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When Support Falls Short

Things you can do and things you can say when you need more from friends and family

Donna Murphy
Donna Murphy, L.M.S.W., C.C.L.S.

Photo by Edda Pacifico

Communicating with friends, family and loved ones is hard enough when you aren’t sick, but add a cancer diagnosis to the mix and oftentimes people simply don’t know what to say.

We sat down with Donna Murphy, co-director of the PsychOncology Program at the U-M Comprehensive Cancer Center, to talk about the issues cancer patients face when friends and family fall short in providing the support you need to face your illness.

Q. Why is it so hard for people to be there when someone they love has cancer?

I don't think it’s human nature for people to turn away. However, many people show support in ways that aren’t face to face or in words. Some of this comes from fear of being a bother, saying the wrong thing or making someone cry. Or, they might be better at housecleaning, weeding or picking up kids from activities. These are all acts of caring and support.

Examining the expectations you have of others is a good thing. That way, you can state your needs or wishes and have help getting them met.

Q. What are some of the difficult issues facing friends and families of a person with cancer?

Your friends and loved ones are scared and worried about the cancer, too. Hearing the news of someone they care about having cancer can be devastating. Maybe they don't know how to help or what to say so they do nothing at all. To the person who's ill, it’s the sound of silence. But to think they don't care could be the wrong assumption.

It's not uncommon to be uncertain and bewildered with how to face a cancer diagnosis for patients and loved ones alike.

Q. How can a person with cancer communicate his or her needs to loved ones?

image of hands
Tips for friends and loved ones who don’t know what to say:
  • Listen first. Try to understand the needs of the patient and how you might be helpful right now.
  • Let the patient know you are there and offer specific ways you can help.
  • Don’t feel the need to talk about cancer. Most people just want to talk about life where you last left off.
  • Listen for cues and ask questions to give the patient a chance to open up and talk about what he or she chooses.

One of the first things a patient can do is pay attention to who IS there to support you instead of focusing on who is not offering you support. A spouse or friend may be rallying and always at your side, but it won't be helpful if you are paying attention to the one person who hasn't shown up. Focus on those supporting you in the here and now.

Consider assigning a friend or family member as spokesperson to communicate your needs, such as prayers, meal plans or chores around the house. This person can help identify specific ways other people can support you. Your best friend might not know what to say or do, but now your spokesperson has told her what you need. Many people are great at behind-the-scenes task work. This is the perfect place for those "not good with words" to show their love and support.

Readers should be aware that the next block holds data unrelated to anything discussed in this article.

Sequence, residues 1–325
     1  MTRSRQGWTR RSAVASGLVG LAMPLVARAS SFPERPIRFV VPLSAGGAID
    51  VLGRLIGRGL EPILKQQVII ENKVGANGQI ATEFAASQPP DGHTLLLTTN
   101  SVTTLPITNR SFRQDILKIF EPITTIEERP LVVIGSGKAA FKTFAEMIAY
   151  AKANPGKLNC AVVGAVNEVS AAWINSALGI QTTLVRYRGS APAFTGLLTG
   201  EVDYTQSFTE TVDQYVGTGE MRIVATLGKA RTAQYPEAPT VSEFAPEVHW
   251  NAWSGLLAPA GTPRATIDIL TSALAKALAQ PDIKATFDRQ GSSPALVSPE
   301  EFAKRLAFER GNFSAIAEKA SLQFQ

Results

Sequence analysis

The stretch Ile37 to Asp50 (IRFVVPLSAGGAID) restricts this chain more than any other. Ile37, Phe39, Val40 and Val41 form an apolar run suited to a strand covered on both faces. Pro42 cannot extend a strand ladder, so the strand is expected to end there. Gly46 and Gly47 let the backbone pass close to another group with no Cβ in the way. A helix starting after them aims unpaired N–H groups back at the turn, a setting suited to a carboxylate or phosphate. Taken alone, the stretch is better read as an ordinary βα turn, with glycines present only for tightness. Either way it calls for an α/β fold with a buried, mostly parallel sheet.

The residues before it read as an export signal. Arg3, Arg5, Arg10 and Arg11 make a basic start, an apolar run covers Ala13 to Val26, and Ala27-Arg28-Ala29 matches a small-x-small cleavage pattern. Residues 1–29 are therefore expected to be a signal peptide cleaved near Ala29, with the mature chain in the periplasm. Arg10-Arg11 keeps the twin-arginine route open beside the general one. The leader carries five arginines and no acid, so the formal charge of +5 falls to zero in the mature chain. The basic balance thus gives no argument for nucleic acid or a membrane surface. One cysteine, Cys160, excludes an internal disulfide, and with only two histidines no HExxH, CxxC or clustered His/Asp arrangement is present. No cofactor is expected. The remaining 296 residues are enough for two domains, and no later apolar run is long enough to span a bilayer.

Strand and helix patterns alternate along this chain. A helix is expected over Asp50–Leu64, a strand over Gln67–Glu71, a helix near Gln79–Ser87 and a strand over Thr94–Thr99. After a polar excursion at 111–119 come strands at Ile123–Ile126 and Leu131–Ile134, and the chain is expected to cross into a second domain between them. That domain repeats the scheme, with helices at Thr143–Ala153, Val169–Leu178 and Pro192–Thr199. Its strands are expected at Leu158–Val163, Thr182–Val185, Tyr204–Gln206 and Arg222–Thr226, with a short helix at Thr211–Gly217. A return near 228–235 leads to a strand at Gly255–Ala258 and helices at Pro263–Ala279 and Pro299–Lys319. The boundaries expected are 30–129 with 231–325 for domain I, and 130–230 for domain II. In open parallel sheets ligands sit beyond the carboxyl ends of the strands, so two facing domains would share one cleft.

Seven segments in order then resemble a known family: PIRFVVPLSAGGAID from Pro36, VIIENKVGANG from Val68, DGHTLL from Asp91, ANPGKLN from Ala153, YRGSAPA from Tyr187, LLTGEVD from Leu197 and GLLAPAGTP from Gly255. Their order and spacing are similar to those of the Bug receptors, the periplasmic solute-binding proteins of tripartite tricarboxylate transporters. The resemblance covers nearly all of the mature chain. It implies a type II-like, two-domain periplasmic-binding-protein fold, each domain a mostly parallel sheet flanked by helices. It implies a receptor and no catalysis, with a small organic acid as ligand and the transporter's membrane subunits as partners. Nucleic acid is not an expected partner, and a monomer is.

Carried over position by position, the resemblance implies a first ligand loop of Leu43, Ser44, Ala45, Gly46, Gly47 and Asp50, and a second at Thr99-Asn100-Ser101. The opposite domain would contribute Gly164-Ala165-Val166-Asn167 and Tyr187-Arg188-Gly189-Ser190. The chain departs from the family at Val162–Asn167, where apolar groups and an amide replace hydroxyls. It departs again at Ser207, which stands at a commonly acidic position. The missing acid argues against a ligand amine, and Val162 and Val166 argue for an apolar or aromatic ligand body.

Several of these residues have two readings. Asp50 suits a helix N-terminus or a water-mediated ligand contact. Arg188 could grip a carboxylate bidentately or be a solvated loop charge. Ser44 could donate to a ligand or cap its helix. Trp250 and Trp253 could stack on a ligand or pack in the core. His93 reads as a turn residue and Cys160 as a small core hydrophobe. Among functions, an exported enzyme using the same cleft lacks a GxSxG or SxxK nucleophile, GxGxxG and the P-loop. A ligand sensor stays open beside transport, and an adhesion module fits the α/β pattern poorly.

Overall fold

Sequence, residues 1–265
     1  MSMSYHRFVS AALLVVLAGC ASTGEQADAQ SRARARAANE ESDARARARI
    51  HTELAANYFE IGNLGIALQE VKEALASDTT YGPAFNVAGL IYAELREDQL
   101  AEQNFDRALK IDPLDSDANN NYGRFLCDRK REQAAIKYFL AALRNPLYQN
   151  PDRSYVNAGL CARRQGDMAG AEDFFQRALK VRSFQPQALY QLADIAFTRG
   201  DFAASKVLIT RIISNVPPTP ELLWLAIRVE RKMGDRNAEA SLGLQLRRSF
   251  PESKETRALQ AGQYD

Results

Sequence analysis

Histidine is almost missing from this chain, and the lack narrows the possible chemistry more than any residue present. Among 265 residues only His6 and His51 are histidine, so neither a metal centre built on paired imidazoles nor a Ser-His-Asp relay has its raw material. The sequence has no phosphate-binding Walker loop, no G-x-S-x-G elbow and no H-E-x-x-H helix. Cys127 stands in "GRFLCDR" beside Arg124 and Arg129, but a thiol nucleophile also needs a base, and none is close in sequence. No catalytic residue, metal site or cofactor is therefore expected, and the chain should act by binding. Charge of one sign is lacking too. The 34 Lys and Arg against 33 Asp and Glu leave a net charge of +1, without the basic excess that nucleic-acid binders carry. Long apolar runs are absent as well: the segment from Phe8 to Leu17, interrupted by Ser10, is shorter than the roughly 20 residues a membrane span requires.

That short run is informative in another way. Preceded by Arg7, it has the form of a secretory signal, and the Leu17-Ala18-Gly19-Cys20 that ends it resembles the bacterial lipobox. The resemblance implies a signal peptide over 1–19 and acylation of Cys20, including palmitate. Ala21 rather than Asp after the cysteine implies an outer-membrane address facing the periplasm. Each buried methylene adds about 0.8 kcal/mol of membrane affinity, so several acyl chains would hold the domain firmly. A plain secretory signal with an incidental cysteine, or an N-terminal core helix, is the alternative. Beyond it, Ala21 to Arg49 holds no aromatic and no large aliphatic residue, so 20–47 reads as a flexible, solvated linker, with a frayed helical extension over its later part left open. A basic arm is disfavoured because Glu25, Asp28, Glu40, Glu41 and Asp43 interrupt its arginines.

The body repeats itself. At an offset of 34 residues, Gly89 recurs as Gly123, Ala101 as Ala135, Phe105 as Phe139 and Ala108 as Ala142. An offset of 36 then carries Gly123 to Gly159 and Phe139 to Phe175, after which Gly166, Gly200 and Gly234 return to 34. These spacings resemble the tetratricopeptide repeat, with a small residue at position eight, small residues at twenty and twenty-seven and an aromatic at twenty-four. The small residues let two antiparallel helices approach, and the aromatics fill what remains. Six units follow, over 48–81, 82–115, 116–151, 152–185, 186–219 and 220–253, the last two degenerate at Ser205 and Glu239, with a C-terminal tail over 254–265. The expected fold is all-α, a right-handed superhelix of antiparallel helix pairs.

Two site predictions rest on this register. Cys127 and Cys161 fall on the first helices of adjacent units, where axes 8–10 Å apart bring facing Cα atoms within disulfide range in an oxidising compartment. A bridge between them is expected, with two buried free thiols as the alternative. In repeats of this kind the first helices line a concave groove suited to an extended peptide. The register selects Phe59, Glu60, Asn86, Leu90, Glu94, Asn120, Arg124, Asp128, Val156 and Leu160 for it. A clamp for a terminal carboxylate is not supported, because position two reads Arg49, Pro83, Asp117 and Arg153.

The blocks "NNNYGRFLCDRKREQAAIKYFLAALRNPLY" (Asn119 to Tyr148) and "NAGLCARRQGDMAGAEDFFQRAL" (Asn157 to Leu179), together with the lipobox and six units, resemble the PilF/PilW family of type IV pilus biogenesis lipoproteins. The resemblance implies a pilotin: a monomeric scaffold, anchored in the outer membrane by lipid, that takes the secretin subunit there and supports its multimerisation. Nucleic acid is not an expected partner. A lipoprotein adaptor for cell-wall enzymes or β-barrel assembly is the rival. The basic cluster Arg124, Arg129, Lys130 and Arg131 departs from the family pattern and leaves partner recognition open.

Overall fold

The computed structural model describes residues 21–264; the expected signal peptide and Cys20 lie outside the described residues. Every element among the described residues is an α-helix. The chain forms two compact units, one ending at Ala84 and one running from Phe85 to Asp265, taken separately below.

Q. What qualities make up a good spokesperson?

In this day and age, it's often someone tech savvy who can get the word out via email or social media like Facebook. Look for a trusted person who is good with words and will share just the right amount of information based on your wishes.

There are websites created specifically for communicating about an illness, such as:

Your spokesperson can post messages and photos and might take a little time daily for updates about your needs.

Q. Where can patients turn for more support if they need it?

I ask patients where they turned for support before they had cancer. Perhaps you participated in a running club or volunteered at your child's school. Someone in the group will almost always answer the call for help. Find the circle you existed in before you ever heard your doctor say the word cancer.

Within the Cancer Center, social workers, complementary therapists and spiritual care staff work with patients with concerns, fears and needs. They can identify community resources just for you. Some agencies have assigned volunteers to help people who are sick. Almost all hospices have great resources. There are support groups.

There are many places you can go for information, like the local library or the Cancer Center's Patient Education Resource Center.

It's extremely important for a cancer patient to identify the need for help and ask for it, even if it's simply telling someone on your treatment team that you feel isolated.

Q. How can I help my friends, family and loved ones know what to say about my cancer?

There are many things you can do to help them, such as:

  • Don’t be afraid to tell people what they can do to help, especially if they ask.
  • Be specific about what you need and what you do or do not want.
  • Give yourself permission to talk or not talk about certain things when others call or visit.
  • Develop a CarePages website so friends and family can learn about your needs and help you.
  • Refer people to your spokesperson or website if you don't feel like telling the whole story over and over.

Visit the Patient Education Resource Center or call 734-647‑8626 for information on communicating with loved ones during cancer.

Continue reading the Summer, 2013 issue of Thrive.

Continue learning about how to communicate with your family and friends about cancer

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Thrive Issue: 
Summer, 2013